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Protecting Yourself from Precious Metals Scams

With the prices of gold, silver and platinum climbing, the threat of being taken advantage of when buying coins or bars for the purpose of precious metal investing increases – learn how to protect yourself from scams.

The use of precious metals investing as a hedge against market losses in other fields is gaining popularity among large- and small-scale investors, alike. However, as novice investors race to purchase precious metals, there are plenty of hucksters who will happily separate fools and their money. Learn some of the common types of scams and protect yourself from making an unsafe investment.

One term that is commonly heard is “gold filled” or “pure filled gold.” This usually pertains to a coin or piece of jewelery that is made from a base metal (such as copper, nickel, zinc or even lead) that is covered with a thin coating of precious metal. Silver is least likely to receive this treatment, with gold and platinum fakes being far more common. However, some shady coin dealers have been selling coins under these terms leaving less-educated buyers to suffer the consequences.

Other terms that often come up, especially in the case of gold, are “gold overlay” and “rolled gold plate.” These are also combinations of precious and base metals, differing only in the typical thickness of the precious metal layer. Plating, for instance, is most often described as a layer about 175 microns thick. Even thinner are the precious metal deposits left when piece is “washed” or “flashed.”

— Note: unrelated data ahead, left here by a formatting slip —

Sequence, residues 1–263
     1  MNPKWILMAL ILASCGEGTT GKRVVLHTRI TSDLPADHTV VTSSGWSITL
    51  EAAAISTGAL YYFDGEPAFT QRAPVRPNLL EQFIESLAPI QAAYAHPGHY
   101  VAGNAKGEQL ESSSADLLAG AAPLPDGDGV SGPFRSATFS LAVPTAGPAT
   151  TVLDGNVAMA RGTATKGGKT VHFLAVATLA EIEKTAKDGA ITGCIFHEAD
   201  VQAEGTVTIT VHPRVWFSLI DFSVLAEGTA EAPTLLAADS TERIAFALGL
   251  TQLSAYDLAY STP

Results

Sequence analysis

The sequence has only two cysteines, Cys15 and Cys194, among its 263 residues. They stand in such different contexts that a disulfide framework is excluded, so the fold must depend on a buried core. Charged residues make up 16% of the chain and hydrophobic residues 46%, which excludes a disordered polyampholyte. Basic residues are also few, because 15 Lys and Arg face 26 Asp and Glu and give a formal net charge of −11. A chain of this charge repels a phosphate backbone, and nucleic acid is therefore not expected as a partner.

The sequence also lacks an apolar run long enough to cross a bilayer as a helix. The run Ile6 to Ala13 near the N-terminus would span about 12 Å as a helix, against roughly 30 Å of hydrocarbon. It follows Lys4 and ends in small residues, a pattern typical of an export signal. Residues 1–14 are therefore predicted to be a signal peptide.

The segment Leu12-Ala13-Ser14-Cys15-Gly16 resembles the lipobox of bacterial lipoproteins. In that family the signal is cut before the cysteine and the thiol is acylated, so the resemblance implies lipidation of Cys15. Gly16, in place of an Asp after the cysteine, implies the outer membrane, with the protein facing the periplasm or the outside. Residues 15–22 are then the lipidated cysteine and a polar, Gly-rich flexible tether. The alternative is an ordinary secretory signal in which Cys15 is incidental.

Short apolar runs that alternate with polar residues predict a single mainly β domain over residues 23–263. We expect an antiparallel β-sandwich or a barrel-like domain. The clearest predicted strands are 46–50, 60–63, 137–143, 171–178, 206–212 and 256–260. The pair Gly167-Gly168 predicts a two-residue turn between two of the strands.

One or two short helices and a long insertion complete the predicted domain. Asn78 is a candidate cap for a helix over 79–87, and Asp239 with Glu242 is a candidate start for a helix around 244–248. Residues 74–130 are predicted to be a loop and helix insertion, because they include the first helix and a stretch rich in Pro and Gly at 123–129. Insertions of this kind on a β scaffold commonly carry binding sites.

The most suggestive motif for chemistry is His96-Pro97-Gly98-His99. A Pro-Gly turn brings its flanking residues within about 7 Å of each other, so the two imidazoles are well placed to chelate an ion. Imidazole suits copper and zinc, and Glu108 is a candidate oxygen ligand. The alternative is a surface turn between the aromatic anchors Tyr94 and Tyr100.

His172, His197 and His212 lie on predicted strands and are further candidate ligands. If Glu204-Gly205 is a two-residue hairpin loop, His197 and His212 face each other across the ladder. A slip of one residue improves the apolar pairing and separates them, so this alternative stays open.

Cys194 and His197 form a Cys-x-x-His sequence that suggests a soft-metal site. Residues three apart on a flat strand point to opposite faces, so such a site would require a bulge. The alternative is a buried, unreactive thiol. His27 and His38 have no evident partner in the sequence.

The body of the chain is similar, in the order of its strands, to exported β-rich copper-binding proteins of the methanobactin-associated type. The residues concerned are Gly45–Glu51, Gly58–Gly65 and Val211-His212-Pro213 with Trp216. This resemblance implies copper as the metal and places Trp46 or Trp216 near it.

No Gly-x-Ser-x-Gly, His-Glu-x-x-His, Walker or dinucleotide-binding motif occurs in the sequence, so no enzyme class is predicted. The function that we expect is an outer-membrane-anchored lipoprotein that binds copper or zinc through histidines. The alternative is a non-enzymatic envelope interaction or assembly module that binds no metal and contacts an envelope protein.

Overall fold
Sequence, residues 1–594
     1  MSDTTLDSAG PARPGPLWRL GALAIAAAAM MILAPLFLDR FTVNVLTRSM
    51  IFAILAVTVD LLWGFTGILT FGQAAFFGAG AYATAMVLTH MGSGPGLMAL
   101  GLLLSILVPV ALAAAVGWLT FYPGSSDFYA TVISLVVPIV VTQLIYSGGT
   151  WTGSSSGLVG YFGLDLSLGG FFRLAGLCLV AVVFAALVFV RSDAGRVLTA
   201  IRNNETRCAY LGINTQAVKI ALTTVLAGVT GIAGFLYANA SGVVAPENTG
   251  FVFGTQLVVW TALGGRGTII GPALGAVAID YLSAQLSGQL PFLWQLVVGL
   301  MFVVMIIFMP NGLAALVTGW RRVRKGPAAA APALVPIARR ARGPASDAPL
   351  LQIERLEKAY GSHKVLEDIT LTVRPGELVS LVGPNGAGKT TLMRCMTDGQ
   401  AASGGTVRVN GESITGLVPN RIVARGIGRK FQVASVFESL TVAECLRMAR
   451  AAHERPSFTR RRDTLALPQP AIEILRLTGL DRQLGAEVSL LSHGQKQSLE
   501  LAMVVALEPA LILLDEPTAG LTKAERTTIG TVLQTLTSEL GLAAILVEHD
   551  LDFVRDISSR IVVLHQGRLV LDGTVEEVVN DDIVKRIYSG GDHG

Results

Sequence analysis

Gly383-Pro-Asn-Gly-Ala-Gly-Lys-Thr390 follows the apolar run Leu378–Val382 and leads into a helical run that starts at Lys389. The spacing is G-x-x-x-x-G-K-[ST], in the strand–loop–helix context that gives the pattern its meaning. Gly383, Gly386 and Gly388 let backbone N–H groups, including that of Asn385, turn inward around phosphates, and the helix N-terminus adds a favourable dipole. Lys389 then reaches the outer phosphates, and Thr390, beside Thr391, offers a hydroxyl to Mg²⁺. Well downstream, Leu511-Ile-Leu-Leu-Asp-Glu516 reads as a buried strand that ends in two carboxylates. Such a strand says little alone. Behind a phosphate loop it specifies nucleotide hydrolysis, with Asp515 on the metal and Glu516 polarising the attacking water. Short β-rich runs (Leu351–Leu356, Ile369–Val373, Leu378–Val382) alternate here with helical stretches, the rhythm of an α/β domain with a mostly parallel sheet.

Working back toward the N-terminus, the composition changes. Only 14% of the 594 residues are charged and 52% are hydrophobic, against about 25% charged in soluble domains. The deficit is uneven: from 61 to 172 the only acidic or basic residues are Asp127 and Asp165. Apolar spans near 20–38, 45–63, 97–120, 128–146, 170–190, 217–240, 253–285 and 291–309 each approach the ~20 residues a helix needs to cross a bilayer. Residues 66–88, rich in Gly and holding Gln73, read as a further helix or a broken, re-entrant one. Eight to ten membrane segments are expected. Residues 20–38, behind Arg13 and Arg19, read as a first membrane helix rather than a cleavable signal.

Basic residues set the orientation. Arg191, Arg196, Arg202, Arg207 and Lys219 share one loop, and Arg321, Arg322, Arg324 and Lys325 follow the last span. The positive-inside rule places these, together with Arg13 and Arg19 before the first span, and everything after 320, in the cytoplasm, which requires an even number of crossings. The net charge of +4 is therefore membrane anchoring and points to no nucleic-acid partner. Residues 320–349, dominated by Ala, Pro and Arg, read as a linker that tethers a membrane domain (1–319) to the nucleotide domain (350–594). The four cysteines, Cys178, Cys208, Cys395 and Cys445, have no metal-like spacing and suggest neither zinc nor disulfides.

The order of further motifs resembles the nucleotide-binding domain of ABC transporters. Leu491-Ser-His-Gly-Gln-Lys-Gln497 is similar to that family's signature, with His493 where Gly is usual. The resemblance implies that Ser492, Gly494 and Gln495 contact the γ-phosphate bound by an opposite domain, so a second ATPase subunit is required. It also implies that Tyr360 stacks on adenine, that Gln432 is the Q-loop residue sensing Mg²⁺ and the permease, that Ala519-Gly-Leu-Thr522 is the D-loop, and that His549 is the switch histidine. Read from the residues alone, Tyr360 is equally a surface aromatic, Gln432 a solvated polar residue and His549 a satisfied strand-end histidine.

Though also a type of plating, “vermile” is a thickly applied layer of alloyed gold and silver, making it more durable than many of the other types of gold plating that exist. Still, these are still base metal items coated with a layer of precious metals – bullion should be nearly pure for investment purposes.

There are certainly good deals to be found online from reputable coin dealer, but many of the scams that have taken in folks new to precious metal investing and the elderly have been perpetrated over the Internet. Local shops with a long track record, on the other hand, have a reputation to maintain among other local businesses and tend to steer well clear of such coins.

According to the US Commodity Futures Trading Commission (CFTC), investments in physical precious metals, that promise quick and high returns are also signs that an investment isn't really what it seams. Such precious metals investing plans are carried out by telemarketers and late night infomercials. Such investments are very often scheme that underestimate the risks involved, overestimate the returns and sometimes even fail to actually purchase the precious metals that you're being charged a “storage” fee for safely keeping the “physical gold” for you.

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Linda Hess

March 19, 2009



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